Monday, March 26, 2012

Where Do I Begin?

No, I am not dead, nor am I hospitalized with two broken legs and a fractured pelvis. I have just been buried under a pile of work that would make Hercules pause a moment, pull out his bandana, and wipe his brow in anticipation. Sometimes I feel like a postal worker, toiling away on one emergency and seeing, out of the corner of my eye, a never-ending line of other people and projects who need my attention. Fortunately, I had the good sense to move to the online end of my business, so I, unlike the U.S.P.S., am unlikely to ever become obsolete because I didn't foresee what was coming down the pike.

Which brings me to the point of this post. I actually have been pondering for a couple of weeks which of the nearly intolerable issues with the current PBR season I should tackle first. They gather 'round me, friends, like so many hungry puppies, nipping at my sleeves and begging pathetically for Pupperoni snacks. But one of them is growling now, and growling loudly, so I guess I better put down the tools of my trade and feed the bulldog.

And that bulldog is the damned broadcast schedule. I have thought about this seriously, and I cannot for the life of me see how the Powers That Be at PBR headquarters could possibly have made it any harder for us to watch the sport. And since I can search for "bull riding" via my DVR, I am more fortunate than most fans, who have to go to the website and poke around (and we all know how user-friendly and helpful the site is) to determine what network will be broadcasting the event, and when, and then translate that to their own particular time zone.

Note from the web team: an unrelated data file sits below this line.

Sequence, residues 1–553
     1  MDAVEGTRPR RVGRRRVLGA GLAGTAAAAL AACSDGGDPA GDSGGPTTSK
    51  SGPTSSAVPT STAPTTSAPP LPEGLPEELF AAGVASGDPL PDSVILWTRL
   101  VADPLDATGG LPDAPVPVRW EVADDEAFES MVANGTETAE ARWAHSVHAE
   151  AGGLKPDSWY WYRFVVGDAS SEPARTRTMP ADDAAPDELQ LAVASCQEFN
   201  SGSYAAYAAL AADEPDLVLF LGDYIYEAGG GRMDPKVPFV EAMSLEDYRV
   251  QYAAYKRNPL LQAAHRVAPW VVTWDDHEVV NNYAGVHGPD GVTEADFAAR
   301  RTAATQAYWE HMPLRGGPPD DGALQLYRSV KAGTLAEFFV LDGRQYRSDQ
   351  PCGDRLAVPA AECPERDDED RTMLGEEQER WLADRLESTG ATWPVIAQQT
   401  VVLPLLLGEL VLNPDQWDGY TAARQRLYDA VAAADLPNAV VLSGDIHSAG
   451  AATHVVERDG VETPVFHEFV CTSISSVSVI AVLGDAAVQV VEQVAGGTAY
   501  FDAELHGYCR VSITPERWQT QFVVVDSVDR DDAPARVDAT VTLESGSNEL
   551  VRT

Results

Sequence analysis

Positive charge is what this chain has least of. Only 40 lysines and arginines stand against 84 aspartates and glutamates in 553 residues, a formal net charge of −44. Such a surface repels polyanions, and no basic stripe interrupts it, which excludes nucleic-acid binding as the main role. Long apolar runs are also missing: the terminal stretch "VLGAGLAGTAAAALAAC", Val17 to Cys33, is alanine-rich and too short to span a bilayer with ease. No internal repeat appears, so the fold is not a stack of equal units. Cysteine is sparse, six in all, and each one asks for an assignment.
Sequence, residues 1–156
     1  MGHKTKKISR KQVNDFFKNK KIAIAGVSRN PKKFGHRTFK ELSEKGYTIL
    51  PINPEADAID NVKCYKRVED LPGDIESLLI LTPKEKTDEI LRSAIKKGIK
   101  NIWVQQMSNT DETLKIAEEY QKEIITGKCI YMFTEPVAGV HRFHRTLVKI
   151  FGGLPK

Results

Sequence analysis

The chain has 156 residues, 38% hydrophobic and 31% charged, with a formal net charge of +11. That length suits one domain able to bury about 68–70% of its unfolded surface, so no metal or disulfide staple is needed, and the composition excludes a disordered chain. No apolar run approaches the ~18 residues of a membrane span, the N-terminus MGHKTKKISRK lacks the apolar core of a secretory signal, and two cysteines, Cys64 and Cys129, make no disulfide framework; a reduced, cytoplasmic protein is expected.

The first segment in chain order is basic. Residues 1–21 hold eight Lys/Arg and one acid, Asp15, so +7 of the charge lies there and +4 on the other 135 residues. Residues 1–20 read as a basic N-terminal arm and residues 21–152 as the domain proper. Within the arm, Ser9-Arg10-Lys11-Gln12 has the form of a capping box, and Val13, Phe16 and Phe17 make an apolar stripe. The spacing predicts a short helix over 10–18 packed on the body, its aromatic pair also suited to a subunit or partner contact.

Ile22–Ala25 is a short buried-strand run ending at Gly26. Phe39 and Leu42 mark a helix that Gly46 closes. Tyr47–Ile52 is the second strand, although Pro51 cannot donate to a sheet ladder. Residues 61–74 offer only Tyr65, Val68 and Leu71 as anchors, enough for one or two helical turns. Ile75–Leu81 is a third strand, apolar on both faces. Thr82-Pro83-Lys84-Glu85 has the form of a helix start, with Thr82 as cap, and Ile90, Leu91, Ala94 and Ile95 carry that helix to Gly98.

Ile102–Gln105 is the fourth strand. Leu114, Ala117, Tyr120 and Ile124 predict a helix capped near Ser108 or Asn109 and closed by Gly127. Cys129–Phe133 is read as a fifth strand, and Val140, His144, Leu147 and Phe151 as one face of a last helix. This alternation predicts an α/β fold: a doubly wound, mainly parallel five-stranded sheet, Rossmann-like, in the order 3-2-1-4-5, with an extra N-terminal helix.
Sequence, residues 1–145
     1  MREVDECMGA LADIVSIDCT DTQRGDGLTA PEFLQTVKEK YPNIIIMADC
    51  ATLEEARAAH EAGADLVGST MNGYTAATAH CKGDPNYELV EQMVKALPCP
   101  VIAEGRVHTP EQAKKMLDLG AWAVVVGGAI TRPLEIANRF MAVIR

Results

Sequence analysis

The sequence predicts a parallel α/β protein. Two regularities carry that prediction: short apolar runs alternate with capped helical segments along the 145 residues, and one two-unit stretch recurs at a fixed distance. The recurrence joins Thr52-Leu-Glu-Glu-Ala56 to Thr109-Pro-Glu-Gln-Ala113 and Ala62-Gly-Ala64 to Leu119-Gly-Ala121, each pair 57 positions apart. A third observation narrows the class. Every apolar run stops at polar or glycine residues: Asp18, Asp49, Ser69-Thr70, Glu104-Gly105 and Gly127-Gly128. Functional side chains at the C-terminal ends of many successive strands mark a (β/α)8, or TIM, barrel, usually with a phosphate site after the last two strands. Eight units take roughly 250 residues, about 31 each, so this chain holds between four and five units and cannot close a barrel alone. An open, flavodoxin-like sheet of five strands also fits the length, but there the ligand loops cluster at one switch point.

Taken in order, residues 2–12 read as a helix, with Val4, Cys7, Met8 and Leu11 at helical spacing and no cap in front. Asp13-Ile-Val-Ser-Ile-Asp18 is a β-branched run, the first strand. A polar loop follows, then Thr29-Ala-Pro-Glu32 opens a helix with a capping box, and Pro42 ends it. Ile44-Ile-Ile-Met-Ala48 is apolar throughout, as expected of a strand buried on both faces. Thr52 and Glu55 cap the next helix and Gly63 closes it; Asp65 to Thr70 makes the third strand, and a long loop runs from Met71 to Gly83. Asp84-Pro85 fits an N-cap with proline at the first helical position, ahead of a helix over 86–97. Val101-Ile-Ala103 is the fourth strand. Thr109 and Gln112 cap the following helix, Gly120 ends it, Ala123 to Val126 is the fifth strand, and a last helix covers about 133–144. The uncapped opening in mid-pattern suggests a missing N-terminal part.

Honestly! Do the dolts who caused this mess not understand that the broadcasts are the ONLY reason the PBR has managed to gain a decent fan base outside of the NASCAR-loving, Stars-and-Bars waving, redneck, fundamentalist, snake-handling, right-wing demographic? Maybe that's straying from the main point, which is this: Take away the broadcasts, and the number of attendees of all persuasions at live events will plummet. You (and the PBR accountants) can take that prediction to the bank.